1999 – Empirical and Mathematical Methods of Designing Dam Filters

Buddhima Indraratna, Mark Locke and Gamini Adikari

The main objectives of the filter are to prevent erosion of the dam core, permit controlled passage of seepage flow through the dam and facilitate dissipation of excess pore pressures in the core. In most designs of dam filters, empirical methods based on particle size ratios have been used. These empirical rules are developed through extensive laboratory tests. Although the empirical rules benefit from directly or indirectly incorporating most factors affecting filtration, they cannot be extrapolated for distinctly different soils and do not describe the time dependent changes that occur within the filter medium.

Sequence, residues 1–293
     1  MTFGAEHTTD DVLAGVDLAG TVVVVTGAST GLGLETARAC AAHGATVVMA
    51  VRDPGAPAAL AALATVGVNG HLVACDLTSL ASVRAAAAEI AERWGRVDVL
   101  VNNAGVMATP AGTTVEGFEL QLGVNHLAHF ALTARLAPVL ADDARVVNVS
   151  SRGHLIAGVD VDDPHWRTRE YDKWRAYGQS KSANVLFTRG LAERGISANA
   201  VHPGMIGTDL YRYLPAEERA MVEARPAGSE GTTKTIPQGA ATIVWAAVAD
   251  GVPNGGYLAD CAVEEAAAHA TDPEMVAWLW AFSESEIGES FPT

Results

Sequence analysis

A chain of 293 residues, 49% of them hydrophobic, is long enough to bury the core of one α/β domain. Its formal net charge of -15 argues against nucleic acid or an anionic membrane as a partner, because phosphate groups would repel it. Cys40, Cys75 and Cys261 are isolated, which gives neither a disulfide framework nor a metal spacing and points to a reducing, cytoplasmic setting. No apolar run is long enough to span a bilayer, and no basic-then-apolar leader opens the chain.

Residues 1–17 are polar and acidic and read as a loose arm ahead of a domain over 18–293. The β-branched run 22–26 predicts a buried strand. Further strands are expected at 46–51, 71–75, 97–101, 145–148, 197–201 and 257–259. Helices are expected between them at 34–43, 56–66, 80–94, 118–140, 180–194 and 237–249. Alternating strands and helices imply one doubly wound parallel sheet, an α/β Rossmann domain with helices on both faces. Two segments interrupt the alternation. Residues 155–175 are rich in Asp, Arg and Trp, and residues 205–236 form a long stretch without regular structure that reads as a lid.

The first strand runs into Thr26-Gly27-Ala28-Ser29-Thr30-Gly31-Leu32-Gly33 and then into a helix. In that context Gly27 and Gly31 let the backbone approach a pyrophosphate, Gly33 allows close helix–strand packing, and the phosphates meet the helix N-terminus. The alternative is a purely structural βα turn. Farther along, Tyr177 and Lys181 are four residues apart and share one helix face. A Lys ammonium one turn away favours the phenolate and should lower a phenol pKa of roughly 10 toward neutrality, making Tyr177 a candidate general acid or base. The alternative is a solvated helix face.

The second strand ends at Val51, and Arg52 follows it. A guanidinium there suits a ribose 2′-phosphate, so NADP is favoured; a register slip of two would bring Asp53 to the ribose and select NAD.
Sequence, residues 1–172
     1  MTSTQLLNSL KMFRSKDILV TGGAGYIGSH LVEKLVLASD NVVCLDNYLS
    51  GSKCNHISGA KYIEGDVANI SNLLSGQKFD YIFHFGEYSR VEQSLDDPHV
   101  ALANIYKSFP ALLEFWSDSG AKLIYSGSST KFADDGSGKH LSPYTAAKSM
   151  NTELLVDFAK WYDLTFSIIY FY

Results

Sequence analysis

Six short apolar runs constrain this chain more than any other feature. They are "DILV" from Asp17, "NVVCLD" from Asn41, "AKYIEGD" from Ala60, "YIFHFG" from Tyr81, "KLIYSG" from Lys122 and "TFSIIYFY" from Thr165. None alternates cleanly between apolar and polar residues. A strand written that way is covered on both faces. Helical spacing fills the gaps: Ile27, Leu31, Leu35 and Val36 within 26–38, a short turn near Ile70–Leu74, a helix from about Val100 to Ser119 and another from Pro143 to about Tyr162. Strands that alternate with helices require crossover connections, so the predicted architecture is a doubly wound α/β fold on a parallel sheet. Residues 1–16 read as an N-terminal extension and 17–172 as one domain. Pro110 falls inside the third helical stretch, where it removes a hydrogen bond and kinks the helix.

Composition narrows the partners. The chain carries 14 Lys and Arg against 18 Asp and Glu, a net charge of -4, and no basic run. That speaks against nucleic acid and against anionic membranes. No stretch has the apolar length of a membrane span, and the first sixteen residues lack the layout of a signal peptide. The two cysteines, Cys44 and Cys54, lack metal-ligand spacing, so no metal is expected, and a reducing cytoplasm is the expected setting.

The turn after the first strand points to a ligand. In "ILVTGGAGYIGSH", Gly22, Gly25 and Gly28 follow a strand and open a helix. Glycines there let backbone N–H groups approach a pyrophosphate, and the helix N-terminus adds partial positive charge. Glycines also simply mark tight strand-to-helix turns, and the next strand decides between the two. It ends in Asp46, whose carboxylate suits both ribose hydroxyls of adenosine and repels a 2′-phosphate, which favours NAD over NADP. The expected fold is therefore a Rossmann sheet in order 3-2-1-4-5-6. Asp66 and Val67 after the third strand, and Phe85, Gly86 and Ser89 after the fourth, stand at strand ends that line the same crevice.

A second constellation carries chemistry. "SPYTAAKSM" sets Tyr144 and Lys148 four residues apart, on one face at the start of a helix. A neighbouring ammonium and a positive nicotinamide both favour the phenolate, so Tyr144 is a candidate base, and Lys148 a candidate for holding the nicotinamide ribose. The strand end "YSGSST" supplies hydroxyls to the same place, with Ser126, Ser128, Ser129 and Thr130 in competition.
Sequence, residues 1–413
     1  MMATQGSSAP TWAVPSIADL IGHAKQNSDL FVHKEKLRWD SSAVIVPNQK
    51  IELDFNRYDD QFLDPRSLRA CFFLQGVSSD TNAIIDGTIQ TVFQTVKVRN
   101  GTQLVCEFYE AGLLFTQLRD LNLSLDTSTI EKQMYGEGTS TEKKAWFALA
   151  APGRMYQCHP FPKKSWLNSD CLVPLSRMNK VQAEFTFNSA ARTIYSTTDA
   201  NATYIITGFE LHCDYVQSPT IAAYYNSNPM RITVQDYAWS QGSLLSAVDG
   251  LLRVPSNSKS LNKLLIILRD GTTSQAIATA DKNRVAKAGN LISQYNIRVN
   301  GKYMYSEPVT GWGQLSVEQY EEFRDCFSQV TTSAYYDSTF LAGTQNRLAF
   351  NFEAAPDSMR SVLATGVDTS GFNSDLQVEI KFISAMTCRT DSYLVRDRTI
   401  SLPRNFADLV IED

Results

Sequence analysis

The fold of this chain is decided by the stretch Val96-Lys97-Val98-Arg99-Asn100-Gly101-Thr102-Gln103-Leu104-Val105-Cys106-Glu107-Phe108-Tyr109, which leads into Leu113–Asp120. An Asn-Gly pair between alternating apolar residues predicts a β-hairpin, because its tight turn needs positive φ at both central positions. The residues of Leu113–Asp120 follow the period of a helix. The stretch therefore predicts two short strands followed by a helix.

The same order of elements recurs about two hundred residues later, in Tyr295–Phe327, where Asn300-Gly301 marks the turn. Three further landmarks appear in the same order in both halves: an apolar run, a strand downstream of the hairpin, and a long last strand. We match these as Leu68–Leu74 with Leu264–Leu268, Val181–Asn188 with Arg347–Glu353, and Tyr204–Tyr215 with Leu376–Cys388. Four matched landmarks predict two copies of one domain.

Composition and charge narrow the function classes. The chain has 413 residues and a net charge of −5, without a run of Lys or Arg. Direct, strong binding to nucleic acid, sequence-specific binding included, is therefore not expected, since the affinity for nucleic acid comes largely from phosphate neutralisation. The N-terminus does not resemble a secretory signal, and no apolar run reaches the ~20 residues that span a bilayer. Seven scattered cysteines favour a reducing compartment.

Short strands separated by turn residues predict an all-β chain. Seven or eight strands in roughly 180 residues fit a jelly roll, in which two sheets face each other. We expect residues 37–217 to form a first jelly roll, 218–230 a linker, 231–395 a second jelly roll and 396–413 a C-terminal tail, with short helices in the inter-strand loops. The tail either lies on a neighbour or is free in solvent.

Mathematical models can be formulated to explain the fundamental physics of particle interaction and migration, within a framework of well defined geohydraulic constraints. Considering the mass flow and momentum conservation principles; time dependent changes in particle size distributions, mass flow rates, retention capacity and base soil erosion rates can be simulated.

This paper reviews various empirical and mathematical models, based on the authors experience. A novel approach to large scale filtration is highlighted based on testing actual soil and filter materials from an Australian dam, in a new 500mm diameter apparatus.

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